It was the late '80-s when issue number 15 came out and these items made it on the RAD side of the RAD-LAME list: Bresie'Z, Robert's graffitied Renault 14, Speedfreaks video, Vla, Divorze Posse's Demo Tape (that's a cassette by the way....), A Full PO Box, Watching Jason Ellis cutting Mike Canning's hair, Prantl's 360 at the Energie hal, English riders visiting the Leiden freestyle contest, DP's Black Medallion, Advertisers, D-signs designs, On Edge Apparel, DJ Kid Sundance, Tye Dye shirts, 'zines, Lambert's Harley, Mini-ramp Hengelo and Double seatpost clamps.Man, most of these things aren't too hot any longer but back in 1989 they made it on the RAD list. To see what made it on the Lame side, turn to page 17.
We have a Jason Ellis interview in issue 15, a street sk8 comp in Eindhoven, 540 sequence of Albert Moonen, the Circus came to town and brought 2 BMX-ers from England, The Cologne contest Number 2 took place at the Jugendpark, Merijn Bonte got an interview, Free Converse sticker, Divorze Posse live, we had an article about miniramps that were the new thing at the end of the eighties, Matt Pingel had his fair share of contributions in the issue and Martijn Deijkers wrote a scene report on Adelberg, Germany. Andreas Althaus got an interview as well, we had a report on the King Of Concrete, concert report on the Bad Brains and a wrtie up on a demo in Uden.
Dude, what a list! Did you get your cup of coffee yet? Because here comes the full issue.
Bob Haro is the Father of Freestyle BMX and the founder of Haro Bikes and Harodesign. Bob grew up in Southern California riding motocross and skateboarding. When he ran out of money to continue racing dirt bikes he turned to BMX. Drawing was Bob's first passion and started illustrating for BMX magazines and brands. He became the staff artists for BMX Action Magazine. At 18 he started his own business, manufacturing BMX Plates and selling tens of thousands in the process.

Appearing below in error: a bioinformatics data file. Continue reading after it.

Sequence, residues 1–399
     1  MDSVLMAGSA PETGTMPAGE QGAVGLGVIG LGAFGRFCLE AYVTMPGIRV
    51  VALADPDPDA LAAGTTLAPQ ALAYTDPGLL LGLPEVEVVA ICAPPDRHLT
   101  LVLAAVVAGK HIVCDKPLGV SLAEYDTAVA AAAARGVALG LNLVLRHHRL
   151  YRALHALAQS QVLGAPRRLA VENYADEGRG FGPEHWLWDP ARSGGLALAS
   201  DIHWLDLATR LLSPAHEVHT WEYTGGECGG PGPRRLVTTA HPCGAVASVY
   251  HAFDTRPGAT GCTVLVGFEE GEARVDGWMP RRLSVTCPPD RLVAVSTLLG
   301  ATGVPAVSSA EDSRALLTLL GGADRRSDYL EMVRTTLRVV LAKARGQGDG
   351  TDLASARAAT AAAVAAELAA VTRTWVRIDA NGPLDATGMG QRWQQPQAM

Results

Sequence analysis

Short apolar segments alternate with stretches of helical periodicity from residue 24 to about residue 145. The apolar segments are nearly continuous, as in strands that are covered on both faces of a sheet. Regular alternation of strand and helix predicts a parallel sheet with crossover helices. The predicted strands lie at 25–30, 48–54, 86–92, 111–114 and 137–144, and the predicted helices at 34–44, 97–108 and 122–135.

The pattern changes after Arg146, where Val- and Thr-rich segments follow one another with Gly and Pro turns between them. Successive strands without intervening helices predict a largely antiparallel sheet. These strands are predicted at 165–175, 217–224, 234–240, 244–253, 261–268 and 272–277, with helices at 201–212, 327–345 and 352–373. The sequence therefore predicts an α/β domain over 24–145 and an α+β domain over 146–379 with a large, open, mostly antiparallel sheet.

The first double issue of FAT-'zine. With 88 pages it was also twice the size of most 'zines back in the day. Issue 13+14 featured over 150 photos. The quality was terrible but at least it brought the message across. The typewriter was still doing its job but the ink ribbon was fading. I loved freshly new ink ribbons as it also had a white line up top that you could use to correct the typos. But more than once the machine got stuck behind a photo and the letter didn't line up correctly and you had to bring out the Tipp-Ex to change things. It was horrible compared to the computers we use today.
FAT-'zine was getting a structure with an editorial, contents page, news section, staff list, RAD-Lame section etc. and the double issue had the following features: Lageja contest, Freestyle contest in wherever, Bart & Martijn Deijkers interview, free VANS sticker, Kees Lemmens interview, Phantasialand report where some American riders were doing shows, Incertitude concert review, 8th Muenster Mastership report, Albert Retey interview, Amsterdam skate trip, Tropica and StokeBros write-ups, Rene Hofman interview, Trier/Kenn freestyle contest (1989) where we stayed in the concrete pipes, second FAT-JAM report where the FIAT 127 got thrashed, Andreas Althaus interview, we went to Spain to do a demo with David Quesada in San Sebastian and the ETA got loose.
Sean Coons did a comic and we already had stuff lined up for the next issue.
Check back next week for issue 15 but first flip through the double issue page by page: